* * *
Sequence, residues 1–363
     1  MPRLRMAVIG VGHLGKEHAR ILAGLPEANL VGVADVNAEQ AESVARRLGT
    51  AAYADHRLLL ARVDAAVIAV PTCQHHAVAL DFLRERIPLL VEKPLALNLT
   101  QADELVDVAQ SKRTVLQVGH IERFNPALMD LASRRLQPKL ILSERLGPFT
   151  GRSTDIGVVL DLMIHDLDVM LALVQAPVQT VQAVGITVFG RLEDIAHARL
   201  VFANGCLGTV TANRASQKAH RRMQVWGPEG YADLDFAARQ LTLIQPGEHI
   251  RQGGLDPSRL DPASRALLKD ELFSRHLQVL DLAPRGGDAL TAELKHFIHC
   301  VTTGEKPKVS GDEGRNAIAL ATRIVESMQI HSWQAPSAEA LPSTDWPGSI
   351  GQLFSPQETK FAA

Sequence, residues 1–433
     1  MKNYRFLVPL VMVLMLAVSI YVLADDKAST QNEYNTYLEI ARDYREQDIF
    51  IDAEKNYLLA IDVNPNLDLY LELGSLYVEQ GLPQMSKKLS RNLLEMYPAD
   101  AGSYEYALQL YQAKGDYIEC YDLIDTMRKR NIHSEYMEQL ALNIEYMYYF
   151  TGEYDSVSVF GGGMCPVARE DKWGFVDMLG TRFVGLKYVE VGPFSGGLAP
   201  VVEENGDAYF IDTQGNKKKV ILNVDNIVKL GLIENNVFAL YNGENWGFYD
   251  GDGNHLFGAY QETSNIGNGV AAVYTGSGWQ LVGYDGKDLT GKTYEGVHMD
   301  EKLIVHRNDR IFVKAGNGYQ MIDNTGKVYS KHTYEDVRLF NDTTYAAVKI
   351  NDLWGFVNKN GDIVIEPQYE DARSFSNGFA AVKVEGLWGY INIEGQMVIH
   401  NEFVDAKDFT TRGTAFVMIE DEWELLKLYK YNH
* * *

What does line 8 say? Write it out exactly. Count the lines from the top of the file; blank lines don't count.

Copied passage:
   301  VTTGEKPKVS GDEGRNAIAL ATRIVESMQI HSWQAPSAEA LPSTDWPGSI